Four Key Levers to Manage Your Career and Get Results

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As someone who has coached many high performing women, I was asked to participate on a panel discussion at the Kellogg Career Symposium to give women tips on how to manage their careers. Although I can’t do the topics full justice here, several are covered in my new self-paced coaching program, WOW! Women On the Way to Peak Performance ProgramSM.

1. Focus on the Right Work

Women often take on too much because they may have difficulty saying no, have a desire to prove that they can do it all, or get distracted by work that is less important. At the end of the day, it results in leaving the work that can have the biggest impact on the business and on their careers on the back burner.

So, to help you make more deliberate choices about where you direct your time and energy identify your “Big 3” – the three areas where you can drive business results and make the highest and best use of your talent and skills. Consider how you will really be measured and evaluated, beyond what the formal performance management process is to include what you actually see rewarded and recognized in the company.

2. Tastefully toot your own horn

Women struggle far more with self-promotion than men, so it comes as no surprise that I am asked to present on the topic of Tastefully Tooting Your Own Horn time and again. I consistently hear stories about women who are shocked to hear that others may view them as less effective than they view themselves. So, do these women truly have skill gaps or do they just need to make people more aware of their skills and how they add value/drive results?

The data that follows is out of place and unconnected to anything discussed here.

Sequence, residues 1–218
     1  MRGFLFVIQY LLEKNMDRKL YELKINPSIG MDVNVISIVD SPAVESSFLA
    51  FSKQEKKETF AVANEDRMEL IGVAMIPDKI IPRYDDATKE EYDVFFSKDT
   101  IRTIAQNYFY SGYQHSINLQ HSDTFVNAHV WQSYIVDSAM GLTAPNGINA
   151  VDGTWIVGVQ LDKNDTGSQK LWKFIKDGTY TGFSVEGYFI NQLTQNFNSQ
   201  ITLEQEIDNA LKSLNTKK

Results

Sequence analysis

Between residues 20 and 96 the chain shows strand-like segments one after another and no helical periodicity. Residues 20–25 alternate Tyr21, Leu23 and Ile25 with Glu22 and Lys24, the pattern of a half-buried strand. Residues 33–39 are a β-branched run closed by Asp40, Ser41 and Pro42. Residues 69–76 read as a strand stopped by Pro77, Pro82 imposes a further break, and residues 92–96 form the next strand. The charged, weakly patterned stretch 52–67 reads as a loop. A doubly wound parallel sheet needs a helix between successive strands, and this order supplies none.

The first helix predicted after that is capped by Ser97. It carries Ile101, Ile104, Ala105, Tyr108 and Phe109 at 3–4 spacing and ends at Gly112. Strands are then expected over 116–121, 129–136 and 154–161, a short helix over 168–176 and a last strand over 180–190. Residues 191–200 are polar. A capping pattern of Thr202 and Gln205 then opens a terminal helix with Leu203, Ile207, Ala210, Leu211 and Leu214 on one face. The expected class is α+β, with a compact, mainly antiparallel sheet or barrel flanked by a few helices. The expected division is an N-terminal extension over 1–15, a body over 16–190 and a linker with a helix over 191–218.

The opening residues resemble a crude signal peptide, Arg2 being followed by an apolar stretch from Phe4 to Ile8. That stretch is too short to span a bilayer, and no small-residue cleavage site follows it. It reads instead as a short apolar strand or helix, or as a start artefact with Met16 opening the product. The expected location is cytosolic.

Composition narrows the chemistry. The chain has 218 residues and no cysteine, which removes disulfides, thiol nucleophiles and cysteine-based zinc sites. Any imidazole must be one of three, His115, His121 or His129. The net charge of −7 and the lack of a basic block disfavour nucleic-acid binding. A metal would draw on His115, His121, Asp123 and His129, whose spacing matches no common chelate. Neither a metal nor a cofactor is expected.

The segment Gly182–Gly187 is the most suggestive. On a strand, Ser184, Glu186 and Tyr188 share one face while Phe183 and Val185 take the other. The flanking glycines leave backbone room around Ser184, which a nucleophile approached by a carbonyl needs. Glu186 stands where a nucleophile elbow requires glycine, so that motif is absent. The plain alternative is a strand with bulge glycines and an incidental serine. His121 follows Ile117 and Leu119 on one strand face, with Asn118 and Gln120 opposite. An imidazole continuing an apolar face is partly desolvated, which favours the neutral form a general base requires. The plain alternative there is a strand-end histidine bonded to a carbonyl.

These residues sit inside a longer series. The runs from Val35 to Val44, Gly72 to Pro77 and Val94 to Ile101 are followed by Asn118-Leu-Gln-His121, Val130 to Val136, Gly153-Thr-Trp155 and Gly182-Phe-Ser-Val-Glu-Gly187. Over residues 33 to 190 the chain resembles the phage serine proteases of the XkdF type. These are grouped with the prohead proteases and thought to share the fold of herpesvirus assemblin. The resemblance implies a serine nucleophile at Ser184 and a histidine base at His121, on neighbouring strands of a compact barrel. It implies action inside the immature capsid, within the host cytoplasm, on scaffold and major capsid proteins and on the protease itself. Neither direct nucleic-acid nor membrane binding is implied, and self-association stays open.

Remember that others only see small windows into our accomplishments, so we have to create an authentic and powerful picture of who we are and how we make a difference. So, take the time to proactively and consistently share information in a way that’s relevant to you and your company – i.e., to provide “strategic snapshots.” You never know how others might benefit from your experiences.

3. Consistently focus on building a network of advocates

If you haven’t read it, take a look at this Harvard Business Review article: Why Men Get More Promotions than Women. It points out that although women are more likely than men to have mentors, men talk much more about being sponsored by their mentors. In other words, men typically choose mentors who have power and influence and those mentors advocate on their behalf by giving them exposure, visibility, and access in ways they wouldn’t otherwise get.

So, take a look at your network. Could any of your mentors also be sponsors or advocates? What one step can you take to strengthen your network of support?

4. Maximize the opportunities right in front of you

Finally, remember that every meeting, phone call, interaction is an opportunity to reinforce your brand, build your credibility, or bring a unique perspective. So, take one minute to clarify what you want to get out of the interaction before you walk into one of these situations. It can dramatically shift how you “show up.”

As you know, I am a firm believer that small steps lead to big results. So, choose one of these four areas to focus on this week and identify one action step you will take.

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